In the Event of a Breach

When your organization is practicing compliance, you have policies and procedures in place. This way, if a breach occurs, your team knows exactly what to do instead of doing what they think may be the right move. Everything is laid out upfront and employees have proper training, so an incident doesn’t get worse. This strengthens your culture of cyber security and compliance because everyone in your organization knows what to do when facing vulnerabilities.

Keep Business and Personal Information Separate

Make sure to enforce keeping personal information and accounts separate from business with your employees. Should your business experience a breach, this could be catastrophic for certain individuals who have information co-mingled (or vice versa). Instilling this in your company culture is a simple way to secure sensitive information, reduce vulnerabilities and increase security across your organization.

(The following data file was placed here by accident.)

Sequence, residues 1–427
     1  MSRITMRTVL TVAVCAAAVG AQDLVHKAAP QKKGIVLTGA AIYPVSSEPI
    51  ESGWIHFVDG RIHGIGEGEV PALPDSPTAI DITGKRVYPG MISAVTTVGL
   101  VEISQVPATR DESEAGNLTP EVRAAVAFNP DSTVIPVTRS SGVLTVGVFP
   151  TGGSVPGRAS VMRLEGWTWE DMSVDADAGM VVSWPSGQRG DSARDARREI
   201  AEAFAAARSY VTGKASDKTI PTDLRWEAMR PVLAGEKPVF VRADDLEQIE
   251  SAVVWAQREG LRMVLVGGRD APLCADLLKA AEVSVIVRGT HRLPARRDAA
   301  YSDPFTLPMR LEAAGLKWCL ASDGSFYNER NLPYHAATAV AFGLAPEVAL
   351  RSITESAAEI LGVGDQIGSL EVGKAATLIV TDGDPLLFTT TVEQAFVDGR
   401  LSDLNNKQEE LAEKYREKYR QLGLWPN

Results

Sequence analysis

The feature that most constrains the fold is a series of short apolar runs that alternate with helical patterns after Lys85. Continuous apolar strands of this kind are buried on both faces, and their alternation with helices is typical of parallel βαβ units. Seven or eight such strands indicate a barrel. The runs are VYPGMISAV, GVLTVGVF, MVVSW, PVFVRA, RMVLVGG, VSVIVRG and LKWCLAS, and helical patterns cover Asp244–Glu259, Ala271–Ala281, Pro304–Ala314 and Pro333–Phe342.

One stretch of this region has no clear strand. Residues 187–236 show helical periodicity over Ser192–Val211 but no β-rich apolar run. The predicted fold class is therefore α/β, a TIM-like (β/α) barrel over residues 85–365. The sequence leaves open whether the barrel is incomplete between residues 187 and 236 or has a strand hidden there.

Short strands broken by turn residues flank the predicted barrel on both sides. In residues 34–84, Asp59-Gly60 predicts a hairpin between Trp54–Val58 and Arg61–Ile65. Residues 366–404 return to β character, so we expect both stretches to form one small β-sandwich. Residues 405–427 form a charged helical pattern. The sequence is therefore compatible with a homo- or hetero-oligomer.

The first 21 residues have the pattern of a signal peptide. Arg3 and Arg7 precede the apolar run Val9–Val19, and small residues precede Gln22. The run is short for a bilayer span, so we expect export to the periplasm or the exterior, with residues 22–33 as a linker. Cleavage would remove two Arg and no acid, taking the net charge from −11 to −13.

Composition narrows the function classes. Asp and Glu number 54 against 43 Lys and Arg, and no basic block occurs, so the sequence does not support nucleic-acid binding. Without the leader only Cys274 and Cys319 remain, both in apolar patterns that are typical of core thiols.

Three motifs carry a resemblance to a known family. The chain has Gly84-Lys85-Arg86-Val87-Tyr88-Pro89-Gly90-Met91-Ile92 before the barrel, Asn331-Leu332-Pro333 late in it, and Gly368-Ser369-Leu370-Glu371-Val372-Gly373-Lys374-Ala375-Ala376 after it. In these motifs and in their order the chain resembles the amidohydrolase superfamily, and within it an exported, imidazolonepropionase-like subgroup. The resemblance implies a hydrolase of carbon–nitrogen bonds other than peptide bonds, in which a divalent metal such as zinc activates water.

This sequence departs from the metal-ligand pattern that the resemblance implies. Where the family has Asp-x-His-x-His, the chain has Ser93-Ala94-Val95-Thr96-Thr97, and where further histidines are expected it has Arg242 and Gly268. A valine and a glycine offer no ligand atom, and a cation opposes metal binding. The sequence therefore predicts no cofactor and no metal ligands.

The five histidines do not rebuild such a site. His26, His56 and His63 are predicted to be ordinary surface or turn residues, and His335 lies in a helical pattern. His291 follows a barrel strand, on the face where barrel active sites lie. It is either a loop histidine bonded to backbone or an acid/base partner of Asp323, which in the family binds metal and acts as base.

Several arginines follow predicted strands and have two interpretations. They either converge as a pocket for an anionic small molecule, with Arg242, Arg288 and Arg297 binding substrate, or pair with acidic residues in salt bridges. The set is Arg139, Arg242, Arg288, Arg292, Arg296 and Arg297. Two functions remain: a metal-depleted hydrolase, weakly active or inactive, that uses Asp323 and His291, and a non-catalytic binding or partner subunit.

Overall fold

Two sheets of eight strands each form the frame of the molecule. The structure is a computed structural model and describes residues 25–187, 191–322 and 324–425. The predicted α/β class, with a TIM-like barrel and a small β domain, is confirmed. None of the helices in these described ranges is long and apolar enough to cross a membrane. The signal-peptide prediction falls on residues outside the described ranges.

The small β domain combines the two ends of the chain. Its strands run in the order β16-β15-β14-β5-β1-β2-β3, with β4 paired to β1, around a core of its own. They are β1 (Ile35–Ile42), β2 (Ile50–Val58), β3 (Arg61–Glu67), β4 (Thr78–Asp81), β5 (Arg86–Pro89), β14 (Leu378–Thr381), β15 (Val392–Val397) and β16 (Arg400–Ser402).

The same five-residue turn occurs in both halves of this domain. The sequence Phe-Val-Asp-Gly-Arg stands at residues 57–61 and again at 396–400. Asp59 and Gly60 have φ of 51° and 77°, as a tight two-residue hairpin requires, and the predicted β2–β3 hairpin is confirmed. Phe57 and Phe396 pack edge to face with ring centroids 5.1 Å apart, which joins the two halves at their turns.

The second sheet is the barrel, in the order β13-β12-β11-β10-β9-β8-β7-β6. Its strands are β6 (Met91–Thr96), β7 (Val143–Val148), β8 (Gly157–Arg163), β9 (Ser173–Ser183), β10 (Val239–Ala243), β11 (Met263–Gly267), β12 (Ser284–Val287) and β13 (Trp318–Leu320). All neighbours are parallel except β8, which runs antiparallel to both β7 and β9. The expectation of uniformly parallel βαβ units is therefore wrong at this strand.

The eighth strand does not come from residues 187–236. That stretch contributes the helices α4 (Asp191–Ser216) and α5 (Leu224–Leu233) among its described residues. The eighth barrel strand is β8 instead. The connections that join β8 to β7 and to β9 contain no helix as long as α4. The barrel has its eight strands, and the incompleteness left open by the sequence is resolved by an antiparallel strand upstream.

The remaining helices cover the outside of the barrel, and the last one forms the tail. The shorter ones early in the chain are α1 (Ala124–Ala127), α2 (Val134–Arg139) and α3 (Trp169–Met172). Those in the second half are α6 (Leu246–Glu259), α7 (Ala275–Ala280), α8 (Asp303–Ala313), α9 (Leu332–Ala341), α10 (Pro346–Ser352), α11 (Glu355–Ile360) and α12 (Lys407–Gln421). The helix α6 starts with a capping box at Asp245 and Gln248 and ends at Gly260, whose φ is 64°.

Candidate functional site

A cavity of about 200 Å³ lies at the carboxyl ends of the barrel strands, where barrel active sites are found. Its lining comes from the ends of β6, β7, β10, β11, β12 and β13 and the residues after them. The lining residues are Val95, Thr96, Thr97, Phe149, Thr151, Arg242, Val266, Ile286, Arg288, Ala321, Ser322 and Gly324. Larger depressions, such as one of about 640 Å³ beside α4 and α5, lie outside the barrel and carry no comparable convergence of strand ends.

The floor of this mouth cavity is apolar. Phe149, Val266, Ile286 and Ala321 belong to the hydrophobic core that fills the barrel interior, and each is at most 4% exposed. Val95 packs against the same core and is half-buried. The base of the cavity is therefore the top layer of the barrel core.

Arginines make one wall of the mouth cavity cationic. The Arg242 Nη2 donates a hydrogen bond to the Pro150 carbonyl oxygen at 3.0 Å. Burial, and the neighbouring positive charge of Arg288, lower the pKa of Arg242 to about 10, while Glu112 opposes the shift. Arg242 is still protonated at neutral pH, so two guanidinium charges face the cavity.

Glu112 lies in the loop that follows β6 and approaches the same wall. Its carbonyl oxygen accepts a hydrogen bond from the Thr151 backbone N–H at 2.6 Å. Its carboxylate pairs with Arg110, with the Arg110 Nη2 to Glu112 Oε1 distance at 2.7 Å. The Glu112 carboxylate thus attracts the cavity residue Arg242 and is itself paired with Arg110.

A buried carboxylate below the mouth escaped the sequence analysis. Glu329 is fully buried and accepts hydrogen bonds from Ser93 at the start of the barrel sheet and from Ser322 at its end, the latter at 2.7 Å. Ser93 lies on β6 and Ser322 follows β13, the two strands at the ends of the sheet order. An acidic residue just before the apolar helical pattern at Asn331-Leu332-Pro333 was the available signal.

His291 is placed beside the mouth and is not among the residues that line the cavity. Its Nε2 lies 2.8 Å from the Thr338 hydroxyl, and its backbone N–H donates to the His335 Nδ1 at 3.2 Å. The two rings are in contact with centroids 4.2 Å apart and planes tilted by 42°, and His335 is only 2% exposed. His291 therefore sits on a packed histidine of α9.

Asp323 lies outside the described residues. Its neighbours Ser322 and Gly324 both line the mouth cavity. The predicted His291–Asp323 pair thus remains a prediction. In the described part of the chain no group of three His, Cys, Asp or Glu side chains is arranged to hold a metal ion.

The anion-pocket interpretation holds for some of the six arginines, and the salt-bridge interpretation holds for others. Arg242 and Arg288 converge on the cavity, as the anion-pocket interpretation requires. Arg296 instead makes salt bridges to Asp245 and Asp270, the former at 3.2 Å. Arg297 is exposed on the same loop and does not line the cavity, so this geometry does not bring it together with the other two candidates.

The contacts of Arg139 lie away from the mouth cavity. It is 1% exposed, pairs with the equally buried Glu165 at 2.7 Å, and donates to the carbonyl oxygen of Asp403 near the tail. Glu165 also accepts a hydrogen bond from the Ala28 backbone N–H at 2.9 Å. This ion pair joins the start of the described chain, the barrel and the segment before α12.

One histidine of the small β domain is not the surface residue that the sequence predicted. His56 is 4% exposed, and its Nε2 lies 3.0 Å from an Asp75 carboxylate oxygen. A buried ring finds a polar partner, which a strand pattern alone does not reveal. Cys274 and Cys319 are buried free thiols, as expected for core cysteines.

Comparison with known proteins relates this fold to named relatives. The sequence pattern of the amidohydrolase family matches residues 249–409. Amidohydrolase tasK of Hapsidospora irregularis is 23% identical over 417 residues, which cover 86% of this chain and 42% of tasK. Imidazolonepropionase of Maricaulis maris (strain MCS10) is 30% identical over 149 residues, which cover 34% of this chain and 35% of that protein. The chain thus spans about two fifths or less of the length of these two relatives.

Next Steps to Enhance Your Security

Take action today to increase your organization’s cyber security with these next steps:

  1. Test backups regularly for your organization’s devices so you know they work properly if needed
  2. Separate your business and personal information where possible and never use the same passwords for business and personal resources
  3. Set up MFA for all applications, especially ones that house sensitive information
  4. Use a secure password management software to store, share and protect your logins
  5. Schedule a risk assessment to identify vulnerabilities hidden in your network and what’s holding you back from meeting compliance requirements

Need Help?

Our Technology Solutions Group includes a team of cyber security experts. We’re happy to meet with you for a cyber security risk assessment of your organization’s IT infrastructure. Or, you can contact us online or call 410.685.5512 with any questions.


Published November 9, 2022